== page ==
Jillian C. Kirn, Greenberg Traurig

In two recent decisions, Hawai’i Wildlife Fund v. County of Maui and EQT Production v. Department of Environmental Protection, courts have considered the nuances of “water-to-water theory” and what constitutes a single discharge. While these cases may seem particularly distinct, one decided in the U.S. Court of Appeals for the Ninth Circuit regarding discharges into the Pacific Ocean under the Clean Water Act and one decided before the Pennsylvania Supreme Court under the Clean Streams Law, both cases add new color to a long and unresolved discourse regarding what constitutes a single release, how penalties are calculated, and what actions or inactions may escalate such a calculation. In the wake of Maui County and EQT, we can expect further debates regarding interpretation and application of both state and federal water law.

On Feb. 1, in Hawai’i Wildlife Fund v. County of Maui, D.C. No. 1:12-cv-00198 SOM-BMK (9th Cir. Feb. 1, 2018), the Ninth Circuit upheld the district court’s grant of summary judgment in favor of environmental groups challenging Maui County’s long-established practice of injecting partially treated wastewater from its wastewater treatment plant into wells. The wells discharge wastewater into groundwater that, according to environmental groups, subsequently migrates through groundwater to the Pacific Ocean.

The Clean Water Act prohibits discharges of pollutants “to navigable waters from any point source,” and further defines “navigable waters” as “the waters of the United States, including the territorial seas.” In County of Maui, the central question was whether the Clean Water Act covers discharges from point sources through groundwater to navigable waters.

The Ninth Circuit court answered that question in the affirmative. In doing so, it rejected Maui County’s argument that the Clean Water Act only prohibits discharges where pollutants “travel via a ‘confined and discrete conveyance’” to jurisdictional waters. The U.S. Environmental Protection Agency (EPA) filed an amicus curiae arguing that the Clean Water Act forbids discharges only in instances where there is a “direct hydrological connection” between a point source and a navigable water of the United States. The Court of Appeals rejected EPA’s argument.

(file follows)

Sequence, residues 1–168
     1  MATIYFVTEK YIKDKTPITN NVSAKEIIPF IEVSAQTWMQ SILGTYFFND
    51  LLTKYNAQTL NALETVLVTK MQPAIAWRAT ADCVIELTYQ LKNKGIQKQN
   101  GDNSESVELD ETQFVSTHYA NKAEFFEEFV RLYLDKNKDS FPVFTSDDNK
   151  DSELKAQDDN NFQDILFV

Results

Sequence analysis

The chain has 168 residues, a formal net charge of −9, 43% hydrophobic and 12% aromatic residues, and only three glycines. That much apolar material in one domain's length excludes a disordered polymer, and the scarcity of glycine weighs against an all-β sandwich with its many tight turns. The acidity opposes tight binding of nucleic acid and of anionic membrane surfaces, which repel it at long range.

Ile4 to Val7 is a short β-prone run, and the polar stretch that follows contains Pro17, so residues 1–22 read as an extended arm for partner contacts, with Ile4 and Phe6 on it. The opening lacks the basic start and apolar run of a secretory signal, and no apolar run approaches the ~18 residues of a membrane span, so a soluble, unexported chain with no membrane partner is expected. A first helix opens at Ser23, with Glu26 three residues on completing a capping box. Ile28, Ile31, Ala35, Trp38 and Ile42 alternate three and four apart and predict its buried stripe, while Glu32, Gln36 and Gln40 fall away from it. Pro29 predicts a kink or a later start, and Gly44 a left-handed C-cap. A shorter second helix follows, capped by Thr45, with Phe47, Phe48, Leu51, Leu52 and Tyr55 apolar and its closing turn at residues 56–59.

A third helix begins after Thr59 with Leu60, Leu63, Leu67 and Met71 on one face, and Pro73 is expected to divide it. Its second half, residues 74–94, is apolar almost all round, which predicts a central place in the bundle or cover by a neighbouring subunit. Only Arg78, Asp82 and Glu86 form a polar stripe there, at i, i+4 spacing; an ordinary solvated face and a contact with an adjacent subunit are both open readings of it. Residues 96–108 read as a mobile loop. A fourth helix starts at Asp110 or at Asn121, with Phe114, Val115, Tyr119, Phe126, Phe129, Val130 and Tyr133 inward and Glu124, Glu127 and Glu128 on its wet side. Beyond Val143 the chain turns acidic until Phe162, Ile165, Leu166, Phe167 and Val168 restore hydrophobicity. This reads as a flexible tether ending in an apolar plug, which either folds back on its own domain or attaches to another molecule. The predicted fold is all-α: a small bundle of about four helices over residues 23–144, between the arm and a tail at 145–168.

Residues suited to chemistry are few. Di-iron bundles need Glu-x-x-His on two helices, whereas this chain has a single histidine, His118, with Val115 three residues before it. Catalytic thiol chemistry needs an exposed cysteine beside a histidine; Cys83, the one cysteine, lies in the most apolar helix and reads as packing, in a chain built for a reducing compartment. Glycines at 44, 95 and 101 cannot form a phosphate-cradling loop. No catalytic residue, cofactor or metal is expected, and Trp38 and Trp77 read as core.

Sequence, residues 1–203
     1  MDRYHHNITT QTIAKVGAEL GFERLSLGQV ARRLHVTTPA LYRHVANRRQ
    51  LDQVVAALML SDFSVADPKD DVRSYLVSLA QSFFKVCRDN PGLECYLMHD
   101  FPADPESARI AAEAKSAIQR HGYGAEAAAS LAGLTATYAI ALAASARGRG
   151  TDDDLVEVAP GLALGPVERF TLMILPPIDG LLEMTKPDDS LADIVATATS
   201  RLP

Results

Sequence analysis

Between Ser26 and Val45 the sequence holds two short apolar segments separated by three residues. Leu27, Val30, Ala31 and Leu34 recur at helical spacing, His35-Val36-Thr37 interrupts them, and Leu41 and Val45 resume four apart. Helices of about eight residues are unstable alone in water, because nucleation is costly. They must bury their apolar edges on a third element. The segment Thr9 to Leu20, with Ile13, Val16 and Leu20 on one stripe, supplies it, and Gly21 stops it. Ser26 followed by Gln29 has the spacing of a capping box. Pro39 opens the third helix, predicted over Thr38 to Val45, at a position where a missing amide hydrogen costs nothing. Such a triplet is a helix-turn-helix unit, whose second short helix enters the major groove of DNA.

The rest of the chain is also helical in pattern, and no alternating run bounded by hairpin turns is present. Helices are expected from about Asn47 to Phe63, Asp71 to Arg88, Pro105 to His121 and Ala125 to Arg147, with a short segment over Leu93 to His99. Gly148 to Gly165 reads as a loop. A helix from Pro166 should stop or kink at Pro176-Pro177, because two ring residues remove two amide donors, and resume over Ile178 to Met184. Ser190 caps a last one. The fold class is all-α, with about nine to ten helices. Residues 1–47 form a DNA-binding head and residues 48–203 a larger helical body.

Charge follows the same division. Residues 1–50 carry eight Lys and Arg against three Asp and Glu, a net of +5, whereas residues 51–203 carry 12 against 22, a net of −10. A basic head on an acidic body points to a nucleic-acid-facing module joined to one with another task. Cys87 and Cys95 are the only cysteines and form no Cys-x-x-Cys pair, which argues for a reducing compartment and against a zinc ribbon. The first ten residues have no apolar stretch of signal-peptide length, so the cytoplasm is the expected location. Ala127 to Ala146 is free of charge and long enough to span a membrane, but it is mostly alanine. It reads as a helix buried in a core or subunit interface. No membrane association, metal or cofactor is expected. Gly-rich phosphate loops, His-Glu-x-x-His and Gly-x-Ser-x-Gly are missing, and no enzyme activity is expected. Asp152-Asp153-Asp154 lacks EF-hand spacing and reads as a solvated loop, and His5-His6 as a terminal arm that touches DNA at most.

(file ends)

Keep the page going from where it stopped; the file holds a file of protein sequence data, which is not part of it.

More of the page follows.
Maui County petitioned the Ninth Circuit court of appeals for an en banc reconsideration. On March 30, the court of appeals rejected the petition and Maui County has intimated that it will appeal to the U.S. Supreme Court. Assuming the decision in County of Maui holds, additional questions may arise regarding enforcement. The Clean Water Act prescribes penalties per day, per violation. The courts and the legislature will have more work cut out for them to answer numerous questions regarding how to calculate penalties “per day, per violation” when discharge is ongoing or continuous. Parties may also be looking for guidance regarding whether each injection site constitutes a new violation or if penalties should be calculated by discharge points. In a similar vein, if injection does not occur on a daily basis but discharge is continuous (or vice versa) guidance may be needed to confirm whether penalties are calculated based on the instances of injection or the instances of discharge.

Some of these very questions are being highlighted at the state level in EQT Production v. Department of Environmental Protection, J-8-2017 (Pa. March 28, 2018). Back in 2015, EQT Production, a petroleum and natural gas exploration and pipeline transport company, challenged civil penalties levied by the Pennsylvania Department of Environmental Protection (DEP) for contamination caused by a leaking impoundment. EQT began a formal cleanup under Pennsylvania’s Act 2 program. Subsequently, DEP issued a civil penalty settlement demand under the Clean Streams Law for $1.27 million, $900,000 of which was related to ongoing violations. Much like the Clean Water Act, the Clean Streams Law also provides for penalties per day, per violation. EQT argued that the Clean Streams Law does not provide for penalties that exceed those accrued during the period of the actual discharge and that Act 2 governs the remediation, rather than the Clean Streams Law.